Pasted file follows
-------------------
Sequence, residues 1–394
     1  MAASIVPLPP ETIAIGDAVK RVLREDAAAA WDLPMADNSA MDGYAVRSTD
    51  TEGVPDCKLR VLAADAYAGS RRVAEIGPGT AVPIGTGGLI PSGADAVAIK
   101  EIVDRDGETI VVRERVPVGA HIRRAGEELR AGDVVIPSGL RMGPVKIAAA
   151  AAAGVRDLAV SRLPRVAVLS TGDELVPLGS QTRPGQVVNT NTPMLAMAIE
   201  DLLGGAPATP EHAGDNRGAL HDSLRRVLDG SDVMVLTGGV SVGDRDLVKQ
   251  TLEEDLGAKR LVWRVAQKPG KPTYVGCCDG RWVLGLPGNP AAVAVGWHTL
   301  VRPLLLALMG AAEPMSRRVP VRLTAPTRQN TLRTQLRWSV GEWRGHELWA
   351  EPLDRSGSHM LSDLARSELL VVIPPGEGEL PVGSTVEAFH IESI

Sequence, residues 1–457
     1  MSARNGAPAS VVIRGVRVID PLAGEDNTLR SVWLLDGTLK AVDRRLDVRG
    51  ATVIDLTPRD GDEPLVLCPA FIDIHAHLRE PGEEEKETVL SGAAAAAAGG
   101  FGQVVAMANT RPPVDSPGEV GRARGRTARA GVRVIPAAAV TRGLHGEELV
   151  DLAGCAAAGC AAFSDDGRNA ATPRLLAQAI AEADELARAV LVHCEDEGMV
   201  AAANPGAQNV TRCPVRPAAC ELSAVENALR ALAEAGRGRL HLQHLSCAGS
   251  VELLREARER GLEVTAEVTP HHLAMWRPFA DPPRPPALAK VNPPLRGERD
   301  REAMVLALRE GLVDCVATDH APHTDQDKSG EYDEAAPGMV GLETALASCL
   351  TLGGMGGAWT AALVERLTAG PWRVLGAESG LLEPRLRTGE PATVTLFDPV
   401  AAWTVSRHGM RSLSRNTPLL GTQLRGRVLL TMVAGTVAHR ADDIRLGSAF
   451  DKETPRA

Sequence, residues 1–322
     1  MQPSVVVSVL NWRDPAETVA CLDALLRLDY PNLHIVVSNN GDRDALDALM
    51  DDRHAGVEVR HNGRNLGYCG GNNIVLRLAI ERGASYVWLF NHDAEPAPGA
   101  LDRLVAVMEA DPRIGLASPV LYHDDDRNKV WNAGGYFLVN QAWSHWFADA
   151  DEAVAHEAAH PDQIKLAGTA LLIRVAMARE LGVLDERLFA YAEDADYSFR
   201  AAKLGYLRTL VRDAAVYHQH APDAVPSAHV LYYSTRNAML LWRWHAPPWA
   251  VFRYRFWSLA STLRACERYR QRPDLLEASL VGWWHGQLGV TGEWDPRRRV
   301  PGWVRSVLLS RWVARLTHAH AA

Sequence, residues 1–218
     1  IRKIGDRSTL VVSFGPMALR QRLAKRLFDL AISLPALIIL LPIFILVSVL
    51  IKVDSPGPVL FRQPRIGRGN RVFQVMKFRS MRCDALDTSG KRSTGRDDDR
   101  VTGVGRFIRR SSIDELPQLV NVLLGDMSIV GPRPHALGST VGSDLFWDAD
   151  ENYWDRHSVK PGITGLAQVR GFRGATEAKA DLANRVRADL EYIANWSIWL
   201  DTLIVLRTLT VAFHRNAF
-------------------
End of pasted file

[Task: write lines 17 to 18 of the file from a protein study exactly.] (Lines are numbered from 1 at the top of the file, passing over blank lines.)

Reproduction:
   301  REAMVLALRE GLVDCVATDH APHTDQDKSG EYDEAAPGMV GLETALASCL
   351  TLGGMGGAWT AALVERLTAG PWRVLGAESG LLEPRLRTGE PATVTLFDPV